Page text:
Q288  Mr Bailey: Finally, the Bill does not mention the Bellwin scheme. Is it going to be retained or is there some merit in incorporating it into legislation, or do you think it should be replaced with some sort of contingency fund?

Mr Alexander: The Bellwin scheme is retained by agreement with the Local Government Association and we believe it should remain part of local government finance structures.

Q289  Lord Archer of Sandwell: Could I ask a question arising from some of your answers about the right to take industrial action? Could I take you back to your law finals and what you call `delict' and we call `tort'? Assume under this Bill that one of the scheduled bodies has statutory duties imposed upon it. Assume that its workforce takes industrial action, or even that a union organises industrial action. Would that not amount, on the part of the workforce or the union, to inducing a breach of statutory duty if the result was that the body could not fulfil its statutory duty?

Mr Alexander: In recent days, it has sometimes felt like I have been sitting my law finals, but the area of my review did not cover my delictoral notes from 1991 so you will have to forgive me. I would be more than happy to write to you on the specific point that you raise. There is clearly an interface between delict and employment law here and I hesitate to enter such deep waters without greater authority.

Q290  Lord Archer of Sandwell: Could you give an undertaking to look at the case of Mead v Haringey Borough Council and the lack of protection of trade unions, even where there has not been litigation preventing a strike?

Mr Alexander: I am happy to give the Committee that assurance and, perhaps more usefully, give you an assurance that far better qualified lawyers than I will also look at the matter before we revert to you.

Q291  Lord Archer of Sandwell: Can we turn to clause 21(3)(1) which says that the regulations may confer jurisdiction on a court or tribunal, which may include a tribunal established by the regulations. First, has there been consultation with the Council on Tribunals? Perhaps I should declare an interest as a former chairman of the Council.

Mr Alexander: I am not aware that there has been. I can certainly check that factual point and write to the Committee confirming whether or not that has taken place.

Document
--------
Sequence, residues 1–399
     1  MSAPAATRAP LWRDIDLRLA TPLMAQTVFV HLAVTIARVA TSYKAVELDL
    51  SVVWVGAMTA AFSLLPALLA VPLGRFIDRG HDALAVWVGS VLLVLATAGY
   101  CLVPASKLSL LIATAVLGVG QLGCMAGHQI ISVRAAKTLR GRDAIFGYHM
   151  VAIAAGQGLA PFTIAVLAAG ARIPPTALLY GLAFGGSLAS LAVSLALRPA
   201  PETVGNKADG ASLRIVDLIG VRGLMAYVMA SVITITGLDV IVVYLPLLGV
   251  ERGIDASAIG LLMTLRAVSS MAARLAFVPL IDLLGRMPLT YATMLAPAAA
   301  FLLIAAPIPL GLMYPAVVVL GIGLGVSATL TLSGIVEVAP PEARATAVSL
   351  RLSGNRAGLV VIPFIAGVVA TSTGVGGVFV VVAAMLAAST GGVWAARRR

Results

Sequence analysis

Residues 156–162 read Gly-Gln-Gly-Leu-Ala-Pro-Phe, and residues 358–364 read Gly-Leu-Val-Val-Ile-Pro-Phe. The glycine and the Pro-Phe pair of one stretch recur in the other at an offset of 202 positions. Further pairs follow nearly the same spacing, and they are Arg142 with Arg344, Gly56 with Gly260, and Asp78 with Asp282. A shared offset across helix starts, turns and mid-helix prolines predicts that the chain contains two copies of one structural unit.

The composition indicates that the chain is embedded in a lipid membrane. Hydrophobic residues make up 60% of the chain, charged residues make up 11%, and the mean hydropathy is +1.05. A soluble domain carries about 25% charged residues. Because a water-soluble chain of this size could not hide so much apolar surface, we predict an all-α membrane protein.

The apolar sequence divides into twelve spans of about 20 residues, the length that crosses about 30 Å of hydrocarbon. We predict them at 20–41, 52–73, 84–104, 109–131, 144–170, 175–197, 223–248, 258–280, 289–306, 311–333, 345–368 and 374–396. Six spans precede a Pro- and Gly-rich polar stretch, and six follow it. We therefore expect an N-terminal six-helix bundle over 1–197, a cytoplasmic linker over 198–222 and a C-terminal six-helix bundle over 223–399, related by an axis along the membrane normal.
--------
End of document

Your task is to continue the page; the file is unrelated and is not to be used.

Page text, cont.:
Q292  Lord Archer of Sandwell: I would be grateful. Could you have in mind that it exists by statute for the very purpose of giving advice to government on the creation of tribunals and their powers? Does the suggestion that it should be possible to create a tribunal by regulation include criminal jurisdiction?

Mr Alexander: We cannot think of any examples where we would need to confer criminal jurisdiction in the sense of military tribunals. The principal benefit of this power would be to establish new tribunals to deal with elements of the emergency—for example, to deal with appeals against requisition or for the award of compensation. In that regard, we cannot think of any examples where we would need to confer criminal jurisdiction. It would only be possible for emergency regulations to confer criminal jurisdiction in sentencing on tribunals where this was accorded within the protections contained within Article 6 of the European Convention on Human Rights. That is the right to a fair trial.

Q293  Lord Archer of Sandwell: I was not questioning its compliance with the European Convention or the Act. Would you again bear in mind that the Council on Tribunals, as a general policy, has advised very strongly against the creation of any court or tribunal otherwise than by primary legislation?

Mr Alexander: I will certainly bear the point you make in mind.

Q294  Chairman: We are nearly through, Minister, but I could not possibly let you escape without asking you one last question. What is so "essential" about educational services that their disruption can lead to a declaration of a national emergency? Can you perhaps give us an example of such a threat?

Mr Alexander: I have laboured long and hard with officials in expectation that such a question would be asked. Let me explain that we included education because we wanted to ensure that threats to essential public services were covered and captured within our definition of "emergency". That was basically the brief that was given to parliamentary counsel in terms of the phraseology that was then reflected on the face of the Bill. In all candour I have struggled to come up with such a specific example and I can therefore assure you that I will bear that in mind once we receive the response of the Committee to the point that you have raised.

  Chairman: Thank you very much, Minister.